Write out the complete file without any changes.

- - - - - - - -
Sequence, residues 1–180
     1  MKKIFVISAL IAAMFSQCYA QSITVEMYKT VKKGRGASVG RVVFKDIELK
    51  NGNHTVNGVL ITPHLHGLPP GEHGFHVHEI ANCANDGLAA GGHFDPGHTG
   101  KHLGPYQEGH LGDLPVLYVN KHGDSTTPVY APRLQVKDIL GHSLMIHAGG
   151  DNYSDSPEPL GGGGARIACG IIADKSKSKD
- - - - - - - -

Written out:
Sequence, residues 1–180
     1  MKKIFVISAL IAAMFSQCYA QSITVEMYKT VKKGRGASVG RVVFKDIELK
    51  NGNHTVNGVL ITPHLHGLPP GEHGFHVHEI ANCANDGLAA GGHFDPGHTG
   101  KHLGPYQEGH LGDLPVLYVN KHGDSTTPVY APRLQVKDIL GHSLMIHAGG
   151  DNYSDSPEPL GGGGARIACG IIADKSKSKD